A LARGE group of hackers in Japan stole a total of US$12.7 million (1.4 billion yen) from over 1,000 automated teller machines in the span of two hours earlier this month, according to local reports.
Quoting sources, The Mainichi reported the sum was stolen from ATMs placed in convenience stores throughout the country.
Authorities believe the money was withdrawn using fake credit cards with duplicated information that was leaked from a bank in South Africa.
Police estimate at least 100 people were involved in coordinating the high-tech robbery.
According to the report, the ATM thefts took place on May 15 at convenience stores scattered across 16 prefectures in the country.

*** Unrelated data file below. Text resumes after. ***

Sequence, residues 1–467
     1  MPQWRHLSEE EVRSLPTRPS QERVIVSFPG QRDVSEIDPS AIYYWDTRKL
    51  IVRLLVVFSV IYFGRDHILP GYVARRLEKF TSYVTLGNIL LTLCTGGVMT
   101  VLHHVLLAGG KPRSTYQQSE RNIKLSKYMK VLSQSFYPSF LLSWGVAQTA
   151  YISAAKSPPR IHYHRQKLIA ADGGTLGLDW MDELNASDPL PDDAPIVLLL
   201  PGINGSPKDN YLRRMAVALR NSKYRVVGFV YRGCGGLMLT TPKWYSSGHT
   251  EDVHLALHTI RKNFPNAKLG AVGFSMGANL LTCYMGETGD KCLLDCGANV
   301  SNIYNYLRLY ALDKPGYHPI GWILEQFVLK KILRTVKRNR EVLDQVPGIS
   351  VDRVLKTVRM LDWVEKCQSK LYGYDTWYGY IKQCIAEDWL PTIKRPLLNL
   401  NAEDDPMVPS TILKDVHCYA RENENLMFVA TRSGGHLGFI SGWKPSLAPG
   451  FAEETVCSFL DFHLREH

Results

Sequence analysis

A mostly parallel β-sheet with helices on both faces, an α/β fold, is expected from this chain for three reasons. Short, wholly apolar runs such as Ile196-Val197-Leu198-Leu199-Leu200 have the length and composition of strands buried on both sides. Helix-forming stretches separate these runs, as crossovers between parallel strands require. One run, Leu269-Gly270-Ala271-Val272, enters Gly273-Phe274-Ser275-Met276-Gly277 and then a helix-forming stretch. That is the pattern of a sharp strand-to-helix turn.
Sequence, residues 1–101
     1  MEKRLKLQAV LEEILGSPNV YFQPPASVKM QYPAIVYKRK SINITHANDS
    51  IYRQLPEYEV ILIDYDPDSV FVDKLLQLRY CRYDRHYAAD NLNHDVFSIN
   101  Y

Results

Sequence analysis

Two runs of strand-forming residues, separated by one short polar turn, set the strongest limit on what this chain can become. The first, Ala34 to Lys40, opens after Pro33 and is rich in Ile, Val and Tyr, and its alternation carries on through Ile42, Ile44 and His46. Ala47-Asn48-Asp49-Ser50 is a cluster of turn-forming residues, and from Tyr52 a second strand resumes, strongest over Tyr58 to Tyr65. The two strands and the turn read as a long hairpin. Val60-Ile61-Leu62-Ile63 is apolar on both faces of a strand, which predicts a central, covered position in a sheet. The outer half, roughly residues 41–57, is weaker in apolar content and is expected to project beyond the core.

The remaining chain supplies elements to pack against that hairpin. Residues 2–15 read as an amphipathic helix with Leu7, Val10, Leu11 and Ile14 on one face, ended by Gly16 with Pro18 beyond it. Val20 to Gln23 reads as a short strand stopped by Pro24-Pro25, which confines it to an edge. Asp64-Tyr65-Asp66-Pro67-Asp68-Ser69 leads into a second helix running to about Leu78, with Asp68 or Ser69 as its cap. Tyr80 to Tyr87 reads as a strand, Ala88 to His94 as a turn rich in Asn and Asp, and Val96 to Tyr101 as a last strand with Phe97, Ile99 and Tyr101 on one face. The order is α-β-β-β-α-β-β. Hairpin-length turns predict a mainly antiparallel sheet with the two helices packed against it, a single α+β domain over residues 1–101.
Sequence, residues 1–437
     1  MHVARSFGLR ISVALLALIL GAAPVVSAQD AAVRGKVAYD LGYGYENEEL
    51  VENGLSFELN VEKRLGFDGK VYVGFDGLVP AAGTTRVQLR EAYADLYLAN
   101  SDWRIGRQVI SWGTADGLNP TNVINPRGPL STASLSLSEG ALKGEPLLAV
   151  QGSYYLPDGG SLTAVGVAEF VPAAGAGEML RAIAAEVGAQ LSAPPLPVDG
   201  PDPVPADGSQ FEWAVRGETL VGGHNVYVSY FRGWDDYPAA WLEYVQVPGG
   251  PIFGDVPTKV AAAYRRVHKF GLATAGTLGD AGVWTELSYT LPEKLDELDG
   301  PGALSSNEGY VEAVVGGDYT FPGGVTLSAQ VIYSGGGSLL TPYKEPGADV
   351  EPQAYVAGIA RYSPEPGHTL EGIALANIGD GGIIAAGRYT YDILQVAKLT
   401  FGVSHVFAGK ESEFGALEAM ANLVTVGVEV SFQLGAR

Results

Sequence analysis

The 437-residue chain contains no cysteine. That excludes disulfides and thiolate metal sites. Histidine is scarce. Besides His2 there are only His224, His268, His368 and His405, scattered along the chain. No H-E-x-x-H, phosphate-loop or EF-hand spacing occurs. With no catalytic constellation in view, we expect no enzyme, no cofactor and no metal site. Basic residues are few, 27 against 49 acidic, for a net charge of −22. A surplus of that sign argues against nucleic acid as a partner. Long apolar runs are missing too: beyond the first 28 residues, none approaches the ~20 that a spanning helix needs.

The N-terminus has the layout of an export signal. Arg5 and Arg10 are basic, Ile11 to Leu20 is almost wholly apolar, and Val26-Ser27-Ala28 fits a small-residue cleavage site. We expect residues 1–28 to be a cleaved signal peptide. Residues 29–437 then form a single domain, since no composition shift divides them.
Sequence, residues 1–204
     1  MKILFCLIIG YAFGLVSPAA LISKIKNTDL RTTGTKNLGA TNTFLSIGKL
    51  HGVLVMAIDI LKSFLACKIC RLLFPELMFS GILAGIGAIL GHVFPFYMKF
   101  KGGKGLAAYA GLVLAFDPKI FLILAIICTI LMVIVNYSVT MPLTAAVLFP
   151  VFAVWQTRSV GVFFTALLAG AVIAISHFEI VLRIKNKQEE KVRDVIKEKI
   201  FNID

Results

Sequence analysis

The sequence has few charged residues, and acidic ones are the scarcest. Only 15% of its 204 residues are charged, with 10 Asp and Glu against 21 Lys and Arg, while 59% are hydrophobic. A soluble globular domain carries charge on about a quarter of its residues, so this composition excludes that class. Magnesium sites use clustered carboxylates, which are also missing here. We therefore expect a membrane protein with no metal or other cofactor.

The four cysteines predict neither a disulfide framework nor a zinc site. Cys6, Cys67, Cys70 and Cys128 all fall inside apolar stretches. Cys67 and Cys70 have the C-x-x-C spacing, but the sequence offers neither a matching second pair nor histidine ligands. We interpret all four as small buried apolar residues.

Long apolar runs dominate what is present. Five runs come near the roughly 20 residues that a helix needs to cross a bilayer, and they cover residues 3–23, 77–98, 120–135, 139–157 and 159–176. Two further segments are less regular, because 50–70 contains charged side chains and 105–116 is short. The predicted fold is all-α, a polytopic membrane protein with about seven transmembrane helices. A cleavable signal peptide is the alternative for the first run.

The police are now scrambling to identify the suspects with help from its South African counterparts via Interpol. They are also looking into how the credit card information was acquired.
According to Computerworld, each person on average withdrew the maximum of 100,000 yen (US$913) from the 14,000 transactions involving 1,600 credit cards. The group mainly targeted ATM cash machines in 7-11 convenience stores as they accept foreign credit cards.
In a statement, South African Standard Bank claimed it was “victim of a sophisticated, coordinated fraud incident”.
“This involved the withdrawal of cash using a small number of fictitious cards at various ATMs in Japan,” it said.
However, the bank assured its customers that they did not suffer any financial losses.